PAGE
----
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Tuesday's grand jury indictment accuses Smollett, who is black and openly gay, of making four separate false reports to Chicago Police Department officers related to his account that he was the victim of a hate crime.
The indictment specifically charges the 37-year-old with six counts of disorderly conduct.
The dismissal of the earlier charges on March 26, 2019, drew an outcry from then-Mayor Rham Emanuel and the city's police superintendent, who branded the reversal a miscarriage of justice, and led to a Cook County judge appointing former US Attorney Dan Webb to review the case.
A Cook County grand jury returned the new indictment of Smollett at Webb's recommendation after nearly a year of investigation by his office.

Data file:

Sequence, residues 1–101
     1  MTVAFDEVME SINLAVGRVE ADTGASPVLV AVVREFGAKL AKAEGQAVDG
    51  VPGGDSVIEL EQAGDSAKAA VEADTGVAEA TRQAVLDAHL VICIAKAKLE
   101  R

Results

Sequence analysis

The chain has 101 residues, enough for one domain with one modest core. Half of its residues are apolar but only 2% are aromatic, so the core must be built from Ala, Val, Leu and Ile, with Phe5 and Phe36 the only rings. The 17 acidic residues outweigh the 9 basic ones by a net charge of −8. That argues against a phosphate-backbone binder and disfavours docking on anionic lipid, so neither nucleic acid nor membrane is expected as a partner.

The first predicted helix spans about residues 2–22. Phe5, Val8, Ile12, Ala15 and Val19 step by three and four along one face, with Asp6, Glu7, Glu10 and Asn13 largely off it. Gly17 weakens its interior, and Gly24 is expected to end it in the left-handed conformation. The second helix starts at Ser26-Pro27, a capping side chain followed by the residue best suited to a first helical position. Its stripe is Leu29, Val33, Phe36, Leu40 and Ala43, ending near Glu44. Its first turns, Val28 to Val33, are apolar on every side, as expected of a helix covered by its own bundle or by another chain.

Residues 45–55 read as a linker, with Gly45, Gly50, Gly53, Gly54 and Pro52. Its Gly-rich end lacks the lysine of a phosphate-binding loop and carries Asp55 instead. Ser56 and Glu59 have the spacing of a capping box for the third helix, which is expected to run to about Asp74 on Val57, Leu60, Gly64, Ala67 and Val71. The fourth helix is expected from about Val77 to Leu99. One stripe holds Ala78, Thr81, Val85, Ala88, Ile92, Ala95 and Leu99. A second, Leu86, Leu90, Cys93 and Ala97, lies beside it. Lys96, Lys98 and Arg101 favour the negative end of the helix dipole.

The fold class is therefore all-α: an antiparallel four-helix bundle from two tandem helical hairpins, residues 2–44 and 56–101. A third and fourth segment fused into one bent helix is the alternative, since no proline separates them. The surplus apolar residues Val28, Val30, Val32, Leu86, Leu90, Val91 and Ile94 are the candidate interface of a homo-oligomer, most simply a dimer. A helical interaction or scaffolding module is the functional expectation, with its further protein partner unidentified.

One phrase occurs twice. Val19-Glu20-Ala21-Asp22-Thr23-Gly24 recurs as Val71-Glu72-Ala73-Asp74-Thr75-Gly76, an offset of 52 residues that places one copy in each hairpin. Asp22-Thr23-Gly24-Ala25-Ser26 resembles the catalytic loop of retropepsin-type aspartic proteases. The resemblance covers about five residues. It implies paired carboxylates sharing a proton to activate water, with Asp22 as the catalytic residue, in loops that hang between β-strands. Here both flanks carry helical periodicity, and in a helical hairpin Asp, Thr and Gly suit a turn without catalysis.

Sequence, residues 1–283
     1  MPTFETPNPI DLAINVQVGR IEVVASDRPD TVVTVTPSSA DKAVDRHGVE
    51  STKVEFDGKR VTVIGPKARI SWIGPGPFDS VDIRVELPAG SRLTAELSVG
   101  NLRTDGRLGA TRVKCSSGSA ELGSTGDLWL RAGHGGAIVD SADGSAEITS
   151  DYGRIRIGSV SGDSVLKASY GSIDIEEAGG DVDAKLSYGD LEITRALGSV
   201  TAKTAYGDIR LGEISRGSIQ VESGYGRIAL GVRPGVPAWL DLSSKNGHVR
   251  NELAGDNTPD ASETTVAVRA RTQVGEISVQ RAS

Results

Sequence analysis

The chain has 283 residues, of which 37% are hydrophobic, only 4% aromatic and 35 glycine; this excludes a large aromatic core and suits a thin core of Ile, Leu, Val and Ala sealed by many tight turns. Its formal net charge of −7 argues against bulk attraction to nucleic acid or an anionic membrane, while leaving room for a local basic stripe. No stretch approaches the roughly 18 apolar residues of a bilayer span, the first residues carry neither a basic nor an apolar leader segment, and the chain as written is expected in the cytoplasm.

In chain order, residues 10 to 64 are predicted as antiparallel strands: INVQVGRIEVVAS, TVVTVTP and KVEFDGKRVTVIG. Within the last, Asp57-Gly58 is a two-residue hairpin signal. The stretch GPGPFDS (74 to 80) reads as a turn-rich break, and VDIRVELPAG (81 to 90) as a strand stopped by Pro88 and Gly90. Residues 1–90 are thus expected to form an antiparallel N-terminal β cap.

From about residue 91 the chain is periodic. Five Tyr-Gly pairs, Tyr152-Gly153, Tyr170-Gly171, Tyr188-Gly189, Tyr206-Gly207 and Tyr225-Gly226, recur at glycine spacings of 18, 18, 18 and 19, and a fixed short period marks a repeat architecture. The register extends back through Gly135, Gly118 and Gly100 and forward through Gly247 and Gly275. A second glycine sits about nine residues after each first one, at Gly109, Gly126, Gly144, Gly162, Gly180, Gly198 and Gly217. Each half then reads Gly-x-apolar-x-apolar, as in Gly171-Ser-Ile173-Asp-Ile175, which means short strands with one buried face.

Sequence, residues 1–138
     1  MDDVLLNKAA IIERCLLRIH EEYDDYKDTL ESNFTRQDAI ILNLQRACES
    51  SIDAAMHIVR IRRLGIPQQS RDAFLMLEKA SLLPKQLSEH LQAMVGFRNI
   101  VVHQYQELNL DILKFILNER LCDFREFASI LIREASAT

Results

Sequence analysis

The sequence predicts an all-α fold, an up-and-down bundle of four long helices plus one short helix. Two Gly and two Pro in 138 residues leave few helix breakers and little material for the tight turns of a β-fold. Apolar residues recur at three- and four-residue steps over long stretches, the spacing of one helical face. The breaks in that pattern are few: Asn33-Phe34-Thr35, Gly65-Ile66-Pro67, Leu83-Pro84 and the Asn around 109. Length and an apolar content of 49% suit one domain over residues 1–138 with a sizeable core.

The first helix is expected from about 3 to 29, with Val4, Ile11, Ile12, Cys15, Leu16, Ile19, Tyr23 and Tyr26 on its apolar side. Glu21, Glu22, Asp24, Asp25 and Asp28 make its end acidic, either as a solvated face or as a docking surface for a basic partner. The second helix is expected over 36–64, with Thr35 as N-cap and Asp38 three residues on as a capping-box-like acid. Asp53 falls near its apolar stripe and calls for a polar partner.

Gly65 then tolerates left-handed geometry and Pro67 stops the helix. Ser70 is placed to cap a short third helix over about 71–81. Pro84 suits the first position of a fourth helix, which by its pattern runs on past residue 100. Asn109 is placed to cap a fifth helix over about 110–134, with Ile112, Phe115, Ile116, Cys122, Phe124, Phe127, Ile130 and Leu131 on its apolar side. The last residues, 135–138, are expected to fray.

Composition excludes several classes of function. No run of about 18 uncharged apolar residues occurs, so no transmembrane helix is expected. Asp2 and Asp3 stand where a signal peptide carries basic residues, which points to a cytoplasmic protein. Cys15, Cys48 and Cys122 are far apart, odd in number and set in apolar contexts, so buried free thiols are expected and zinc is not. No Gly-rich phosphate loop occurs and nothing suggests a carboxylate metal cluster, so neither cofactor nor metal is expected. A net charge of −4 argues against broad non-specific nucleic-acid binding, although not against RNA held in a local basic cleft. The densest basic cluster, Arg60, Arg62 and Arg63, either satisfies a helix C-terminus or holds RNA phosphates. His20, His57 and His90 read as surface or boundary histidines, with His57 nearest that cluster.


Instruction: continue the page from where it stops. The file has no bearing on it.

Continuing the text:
The probe "revealed that Jussie Smollett planned and participated in a staged hate crime attack, and thereafter made numerous false statements to Chicago Police Department officers on multiple occasions, reporting a heinous hate crime that he, in fact, knew had not occurred," Webb said in a statement released in conjunction with the indictment.
"Therefore, Mr Webb has determined that reasonable grounds exist to further prosecute Mr. Smollett," he said.
Neither Smollett's lawyers nor publicist immediately responded to requests for comment.
Smollett has continued to insist that he was telling the truth when he reported that he was accosted on the street in January 2019 by two masked men, who he said threw a noose around his neck and poured chemicals on him while yelling racist and homophobic slurs and expressions of support for US President Donald Trump.
The actor, who played a singer-songwriter on the Fox television Empire but was dropped from the show after the alleged attack, sued the city of Chicago in November, accusing municipal officials of maliciously prosecuting him.